At first I considered that the unusual traits of internet language were as ordinary as jargon, though technically jargon is an oral phenomenon, and to be fair I think any linguist worth his weight in salt would dismiss some kind of internet speak as something very much like that. I, fortunately, am an amateur linguist only worth my weight in talcum powder, so I am free to dismiss such learned and scholarly response with a wave of my bachelor-degree empowered hand. After all, those pompous asses can't drop a grade on me anymore!
Internet forum speak is jargonesque (not actually a word!) in that it primarily employs a kind of shorthand familiar to those within the group, and identifies members of that group by the demonstrable ability to speak the jargon. But I am not simply talking about a World of Warcraft player imploring in-game that he is 'LFG in BRD for MC attunement', which really is a jargon within a specific online community, and seems, to the uninitiated, like it might just as well be spy lingo for, "the nuclear detonator is in my colon".
I am discussing alterations to the language across a broader spectrum, including but not limited to patterns of discourse, unique words and phrases that are more than acronyms or terminology, and even accepted styles. I won't go so far as to call it any kind of formal language, though it seems like a kind of sociolect to me, if anything. It's as though there is, for the internet, a kind of accent that develops, except instead of being a regional or spoken "dialect" it is only a phenomenon of the written word, and not defined by a region. In fact, by the global nature of the internet it is multilingual.
Hence, multilingual sociolect! Ta da! I can go stick my head in a bucket of water now if you like.
In fact, I'm not entirely alone in thinking that the "language" of the internet is a notable linguistic phenomenon, though the popularly held belief is that the nature of online discourse is actually damaging the integrity of the language, not that it is developing in its own organic fashion to become something impressive and distinct. It's not a new fear either, as the telegraph, telephone, and, that perennial telepariah (also not a word!), television, were also held to be a danger to the fragile eggshell of our virgin and modest language. But at least there is some recognition that language and the internet have some kind of casual relationship.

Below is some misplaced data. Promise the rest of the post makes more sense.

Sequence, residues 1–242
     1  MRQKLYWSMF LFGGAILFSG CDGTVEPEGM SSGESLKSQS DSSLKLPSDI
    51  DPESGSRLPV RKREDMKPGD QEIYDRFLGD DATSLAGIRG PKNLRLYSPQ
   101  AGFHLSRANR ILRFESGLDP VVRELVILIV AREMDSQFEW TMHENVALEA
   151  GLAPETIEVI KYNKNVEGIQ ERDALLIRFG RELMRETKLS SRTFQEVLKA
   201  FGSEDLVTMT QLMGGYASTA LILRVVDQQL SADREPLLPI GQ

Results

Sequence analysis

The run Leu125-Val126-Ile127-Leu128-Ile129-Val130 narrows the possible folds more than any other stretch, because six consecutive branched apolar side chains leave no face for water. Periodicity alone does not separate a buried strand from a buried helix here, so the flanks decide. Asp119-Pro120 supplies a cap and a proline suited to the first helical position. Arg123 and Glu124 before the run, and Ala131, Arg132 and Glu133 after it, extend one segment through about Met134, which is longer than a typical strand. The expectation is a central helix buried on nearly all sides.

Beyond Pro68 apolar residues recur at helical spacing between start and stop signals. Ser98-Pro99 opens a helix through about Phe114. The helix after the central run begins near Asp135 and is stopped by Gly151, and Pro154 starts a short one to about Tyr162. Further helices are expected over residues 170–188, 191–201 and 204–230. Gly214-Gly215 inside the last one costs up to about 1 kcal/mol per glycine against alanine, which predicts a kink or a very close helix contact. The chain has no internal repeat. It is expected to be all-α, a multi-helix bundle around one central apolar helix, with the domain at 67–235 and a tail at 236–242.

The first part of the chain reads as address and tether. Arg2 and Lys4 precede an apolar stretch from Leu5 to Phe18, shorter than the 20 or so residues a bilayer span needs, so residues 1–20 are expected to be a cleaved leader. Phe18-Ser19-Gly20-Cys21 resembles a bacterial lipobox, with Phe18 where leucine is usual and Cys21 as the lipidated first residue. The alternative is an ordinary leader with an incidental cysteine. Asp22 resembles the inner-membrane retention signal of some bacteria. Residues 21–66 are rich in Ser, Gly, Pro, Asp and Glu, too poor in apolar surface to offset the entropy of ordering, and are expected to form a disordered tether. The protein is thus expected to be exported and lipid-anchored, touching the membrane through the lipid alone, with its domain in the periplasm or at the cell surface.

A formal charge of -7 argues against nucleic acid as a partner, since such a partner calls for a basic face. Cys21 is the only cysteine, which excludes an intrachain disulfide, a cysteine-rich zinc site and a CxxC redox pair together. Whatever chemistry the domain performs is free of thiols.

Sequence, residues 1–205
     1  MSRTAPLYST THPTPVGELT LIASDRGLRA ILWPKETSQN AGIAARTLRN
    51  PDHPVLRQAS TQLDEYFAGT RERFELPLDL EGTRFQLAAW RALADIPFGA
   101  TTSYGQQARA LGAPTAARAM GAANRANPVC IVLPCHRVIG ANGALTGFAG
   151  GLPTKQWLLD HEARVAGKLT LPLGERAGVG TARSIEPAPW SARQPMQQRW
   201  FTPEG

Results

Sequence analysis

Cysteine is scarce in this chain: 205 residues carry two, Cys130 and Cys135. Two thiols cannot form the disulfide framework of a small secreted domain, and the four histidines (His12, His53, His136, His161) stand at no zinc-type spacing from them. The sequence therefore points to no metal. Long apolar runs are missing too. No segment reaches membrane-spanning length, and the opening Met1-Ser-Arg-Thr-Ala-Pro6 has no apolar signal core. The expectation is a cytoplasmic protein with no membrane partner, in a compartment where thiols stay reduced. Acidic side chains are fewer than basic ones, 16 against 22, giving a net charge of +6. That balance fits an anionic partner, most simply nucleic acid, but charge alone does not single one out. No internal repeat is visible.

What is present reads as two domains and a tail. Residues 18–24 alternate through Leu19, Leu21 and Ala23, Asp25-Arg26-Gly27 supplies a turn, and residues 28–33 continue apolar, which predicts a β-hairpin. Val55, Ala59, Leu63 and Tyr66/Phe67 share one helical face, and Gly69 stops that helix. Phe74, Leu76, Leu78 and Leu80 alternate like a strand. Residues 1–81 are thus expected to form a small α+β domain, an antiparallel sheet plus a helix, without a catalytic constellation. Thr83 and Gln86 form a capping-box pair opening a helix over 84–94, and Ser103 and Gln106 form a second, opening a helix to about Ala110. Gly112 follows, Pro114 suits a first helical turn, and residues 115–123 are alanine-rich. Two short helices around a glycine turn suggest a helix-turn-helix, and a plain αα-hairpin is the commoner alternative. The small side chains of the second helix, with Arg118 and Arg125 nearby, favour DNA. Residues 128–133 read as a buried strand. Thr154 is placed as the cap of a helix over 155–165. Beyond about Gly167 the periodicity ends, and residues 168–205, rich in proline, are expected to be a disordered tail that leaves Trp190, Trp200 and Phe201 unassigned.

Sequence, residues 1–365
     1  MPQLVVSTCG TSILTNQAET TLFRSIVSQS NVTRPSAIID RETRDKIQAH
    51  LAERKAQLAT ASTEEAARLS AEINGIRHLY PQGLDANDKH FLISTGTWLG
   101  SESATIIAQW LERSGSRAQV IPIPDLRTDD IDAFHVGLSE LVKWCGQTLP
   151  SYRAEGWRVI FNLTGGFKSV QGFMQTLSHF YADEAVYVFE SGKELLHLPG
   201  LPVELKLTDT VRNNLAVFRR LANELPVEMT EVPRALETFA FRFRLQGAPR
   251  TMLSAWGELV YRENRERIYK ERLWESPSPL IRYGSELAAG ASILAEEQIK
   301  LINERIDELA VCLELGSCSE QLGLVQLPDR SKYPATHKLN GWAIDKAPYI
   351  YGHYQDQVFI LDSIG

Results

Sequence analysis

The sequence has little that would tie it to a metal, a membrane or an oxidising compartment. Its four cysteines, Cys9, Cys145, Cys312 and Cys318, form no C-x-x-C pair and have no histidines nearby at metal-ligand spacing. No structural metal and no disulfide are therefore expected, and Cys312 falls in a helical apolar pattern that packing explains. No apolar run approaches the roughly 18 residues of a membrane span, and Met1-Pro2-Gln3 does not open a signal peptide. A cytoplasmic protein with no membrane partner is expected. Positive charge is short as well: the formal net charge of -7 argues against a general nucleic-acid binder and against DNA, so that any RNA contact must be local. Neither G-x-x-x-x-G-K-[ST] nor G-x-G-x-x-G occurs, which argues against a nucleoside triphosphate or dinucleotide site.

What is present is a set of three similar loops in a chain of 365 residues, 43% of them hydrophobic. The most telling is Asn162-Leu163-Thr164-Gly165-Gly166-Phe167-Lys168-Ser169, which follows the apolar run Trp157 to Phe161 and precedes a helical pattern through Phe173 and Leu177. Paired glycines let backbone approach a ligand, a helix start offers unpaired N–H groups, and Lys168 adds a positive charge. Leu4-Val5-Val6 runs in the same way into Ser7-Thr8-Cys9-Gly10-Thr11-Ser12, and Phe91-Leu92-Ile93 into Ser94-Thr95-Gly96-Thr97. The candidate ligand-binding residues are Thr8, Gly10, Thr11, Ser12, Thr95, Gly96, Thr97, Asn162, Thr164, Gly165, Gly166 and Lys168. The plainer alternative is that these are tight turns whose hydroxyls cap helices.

The thrust of what I'm saying is this: If you tasked a natural speaker of English, one unfamiliar with the subtleties of online conversation, and asked them to communicate in an established virtual community, it is likely that they would stand out by virtue of their language usage, though not because of their ability or inability to use a jargon, or acronyms, or emoticons, but because their forms, patterns, and styles of speech would not match the sociolectic norms of the virtual community. The interesting thing is, however, that if you put the same groups of people, and your same test subject, into an oral setting, then the abnormalities in common speech should be far less likely.
It's not accurate to say that Internet Speak, for lack of a better or formalized term, is anything close to its own language, nor is it a creole, pidgin, or even quite a jargon. What precisely it is remains a fascinating question, and I am no more satisfied in calling it a sociolect than I am in drinking turkey gravy as a thirst quencher. While I concern myself largely with English, the multilingual global nature of the internet shows an effect across geopolitical, regional, and linguistic boundaries, and yet the phenomenon doesn't seem to be widely studied, despite the hundreds of millions of people who seem to know and understand the subtle shifts required to communicate effectively and naturally online. Even the rules themselves are organic, lack formality, often seem random and mutable, and defy classification, but it seems undeniable that there is some force at work.
No wonder the rigidity of academia seems to be either mystified or pretending the phenomena doesn't exist.